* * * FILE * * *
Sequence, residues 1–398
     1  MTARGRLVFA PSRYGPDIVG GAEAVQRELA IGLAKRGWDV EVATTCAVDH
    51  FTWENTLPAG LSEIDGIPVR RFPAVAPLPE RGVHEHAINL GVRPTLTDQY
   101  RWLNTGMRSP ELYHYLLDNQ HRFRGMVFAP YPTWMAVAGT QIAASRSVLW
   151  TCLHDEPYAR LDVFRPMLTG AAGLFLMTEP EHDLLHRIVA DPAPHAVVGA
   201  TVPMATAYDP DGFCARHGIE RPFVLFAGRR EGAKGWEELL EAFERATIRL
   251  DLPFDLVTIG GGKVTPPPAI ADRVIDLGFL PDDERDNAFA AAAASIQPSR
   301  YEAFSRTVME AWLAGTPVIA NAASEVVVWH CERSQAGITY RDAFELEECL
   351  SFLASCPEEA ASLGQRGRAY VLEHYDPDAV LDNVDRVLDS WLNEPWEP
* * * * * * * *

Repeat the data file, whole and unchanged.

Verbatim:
Sequence, residues 1–398
     1  MTARGRLVFA PSRYGPDIVG GAEAVQRELA IGLAKRGWDV EVATTCAVDH
    51  FTWENTLPAG LSEIDGIPVR RFPAVAPLPE RGVHEHAINL GVRPTLTDQY
   101  RWLNTGMRSP ELYHYLLDNQ HRFRGMVFAP YPTWMAVAGT QIAASRSVLW
   151  TCLHDEPYAR LDVFRPMLTG AAGLFLMTEP EHDLLHRIVA DPAPHAVVGA
   201  TVPMATAYDP DGFCARHGIE RPFVLFAGRR EGAKGWEELL EAFERATIRL
   251  DLPFDLVTIG GGKVTPPPAI ADRVIDLGFL PDDERDNAFA AAAASIQPSR
   301  YEAFSRTVME AWLAGTPVIA NAASEVVVWH CERSQAGITY RDAFELEECL
   351  SFLASCPEEA ASLGQRGRAY VLEHYDPDAV LDNVDRVLDS WLNEPWEP